Though the mental strength required is almost unfathomable, the training – and the race – are tough physically, too. "Fitness-wise the main priority is not getting injured, so we make sure that doesn’t happen. There’s a cardio element, a strength element and a flexibility element. There’s plenty of exercise."

Once on board, it’s crucial that Thomson stays well-fuelled to keep his brain alert. "Ninety percent of [the food] is freeze-dried, so it’s stuff like energy bars, peanuts, noodles, teas and coffees." Hardly the food of dreams, and tucking into a proper meal is top of the list for Thomson when he returns home from a race. On board the boat, though, it’s what his body needs. "The body quite likes the boring food. It doesn’t particularly like the step back to land again," he admits. I ask how much of a struggle it is to adapt to a conventional life after long stints at sea. "I’m so used to [the sea], it doesn’t feel scary to me. It feels normal. Last time I finished the VG, it was more normal to be at sea than it was to be on land. It took weeks to get back to normal after that."

Last time I finished the Vendée Globe, it felt more normal to be at sea than it did to be on land

Thomson’s love for the sea is all-embracing. Even when he’s not racing, he spends a lot of his time on the water, kite surfing or sailing with his family – the Caribbean and the archipelago near Sweden’s Gothenburg are his favourites. What drives his obsession? "I always feel when you get on a boat – it doesn’t actually matter how big it is, it could be a great big ship – once you get out onto the ocean and leave sight of land, it gives you a real understanding of how small we are as human beings. I find that a very humbling experience." For Thomson, it seems the sea offers a sense of tranquillity he can’t find on dry land, even when the waves are raging. People say you should do one thing every day that scares you. Alex Thomson just likes to take things to extremes.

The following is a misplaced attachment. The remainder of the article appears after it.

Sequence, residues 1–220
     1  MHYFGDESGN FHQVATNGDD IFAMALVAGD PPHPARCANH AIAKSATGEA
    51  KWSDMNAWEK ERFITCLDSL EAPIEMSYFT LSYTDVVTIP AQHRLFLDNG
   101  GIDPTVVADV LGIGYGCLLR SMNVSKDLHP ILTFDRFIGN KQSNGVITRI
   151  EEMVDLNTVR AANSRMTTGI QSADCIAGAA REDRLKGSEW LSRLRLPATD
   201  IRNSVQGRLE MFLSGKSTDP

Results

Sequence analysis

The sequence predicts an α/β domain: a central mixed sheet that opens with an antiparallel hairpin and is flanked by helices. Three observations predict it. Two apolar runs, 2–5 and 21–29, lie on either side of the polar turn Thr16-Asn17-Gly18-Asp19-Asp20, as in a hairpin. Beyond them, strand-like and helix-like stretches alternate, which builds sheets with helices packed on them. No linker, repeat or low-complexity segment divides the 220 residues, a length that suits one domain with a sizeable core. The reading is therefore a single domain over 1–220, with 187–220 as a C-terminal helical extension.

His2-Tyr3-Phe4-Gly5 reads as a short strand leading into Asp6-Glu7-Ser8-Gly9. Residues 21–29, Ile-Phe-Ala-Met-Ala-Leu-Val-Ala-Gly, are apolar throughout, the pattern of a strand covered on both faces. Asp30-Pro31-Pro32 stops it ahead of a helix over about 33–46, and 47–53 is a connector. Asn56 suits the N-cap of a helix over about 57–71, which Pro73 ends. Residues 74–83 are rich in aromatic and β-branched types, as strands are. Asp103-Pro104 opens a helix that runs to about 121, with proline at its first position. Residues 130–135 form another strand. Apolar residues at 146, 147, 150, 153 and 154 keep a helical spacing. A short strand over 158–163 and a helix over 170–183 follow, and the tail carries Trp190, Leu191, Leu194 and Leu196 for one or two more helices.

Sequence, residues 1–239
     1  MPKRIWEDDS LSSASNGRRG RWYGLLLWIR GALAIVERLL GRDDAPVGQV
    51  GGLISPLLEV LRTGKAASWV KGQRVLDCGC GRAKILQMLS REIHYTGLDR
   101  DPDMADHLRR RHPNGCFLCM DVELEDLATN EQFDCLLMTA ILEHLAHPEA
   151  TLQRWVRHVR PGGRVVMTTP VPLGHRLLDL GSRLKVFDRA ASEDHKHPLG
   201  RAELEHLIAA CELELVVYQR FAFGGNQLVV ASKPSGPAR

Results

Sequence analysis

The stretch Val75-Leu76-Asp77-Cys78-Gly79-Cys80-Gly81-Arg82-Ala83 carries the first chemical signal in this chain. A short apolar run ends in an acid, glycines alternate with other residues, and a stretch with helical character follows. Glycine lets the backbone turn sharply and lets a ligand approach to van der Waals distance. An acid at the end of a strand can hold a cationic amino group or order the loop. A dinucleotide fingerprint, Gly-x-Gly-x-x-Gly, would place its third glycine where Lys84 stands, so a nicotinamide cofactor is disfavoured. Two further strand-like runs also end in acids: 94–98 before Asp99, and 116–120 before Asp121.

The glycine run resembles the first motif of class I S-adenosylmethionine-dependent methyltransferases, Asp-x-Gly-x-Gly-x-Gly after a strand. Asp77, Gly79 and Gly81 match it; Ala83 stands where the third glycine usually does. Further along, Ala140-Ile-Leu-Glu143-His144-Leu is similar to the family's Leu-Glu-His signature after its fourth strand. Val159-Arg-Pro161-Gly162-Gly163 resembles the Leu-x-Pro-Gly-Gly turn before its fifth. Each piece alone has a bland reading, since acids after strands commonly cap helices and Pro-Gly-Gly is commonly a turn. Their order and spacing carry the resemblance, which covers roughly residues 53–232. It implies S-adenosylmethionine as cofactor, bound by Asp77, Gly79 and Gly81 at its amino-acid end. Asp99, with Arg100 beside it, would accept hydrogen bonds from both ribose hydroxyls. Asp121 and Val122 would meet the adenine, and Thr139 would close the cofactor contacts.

HUGO BOSS – The boat

HUGO BOSS has been created with absolute precision in mind, the same techniques and technologies used in Formula One employed when considering the boat build, to ensure she is as light and fast as possible, whilst staying reliable. The yacht is designed by VPLP/Verdier alongside the inhouse design team and world renowned industrial designer, Konstantin Grcic, also designed the aesthetic look of the boat. They decided on a bold, black colour scheme that is not like anything ever seen before. Normally the boats are predominantly white because of the heat reflecting properties of white paint, but the HUGO BOSS yacht is black. This has been achieved by using a specially crafted black paint that reflects heat rather than absorbing it. The attention to detail that has gone in to every stage of the design and build is incredible and gives Alex incredible confidence in HUGO BOSS’s speed and capabilities.

This BOSS chronograph with a blackened stainless steel casing pays homage to the sport of sailing. The honeycomb texture of the dial and the colour palette are oriented to the design of the HUGO BOSS yacht and underscore the sporty character of the watch. The countdown function can be set to up to 10 minutes according to the event, and the flexible silicone strap wraps comfortably around the wrist guaranteeing cool branding with its large logo lettering in a contrasting colour. A distinctive men’s accessory that looks just as persuasive on dry land as it does on the high seas. The Regatta Watch was specifically designed for Alex and his team and pays homage to their new IMOCA 60 boat. The honeycomb detailing on the face links to the graphic’s designed by Konstantin Gricic and reflects the construction of the racing yacht. On the back face is an image of the racing boat.

The Vendée Globe begins on 6 November 2016. For more info, visit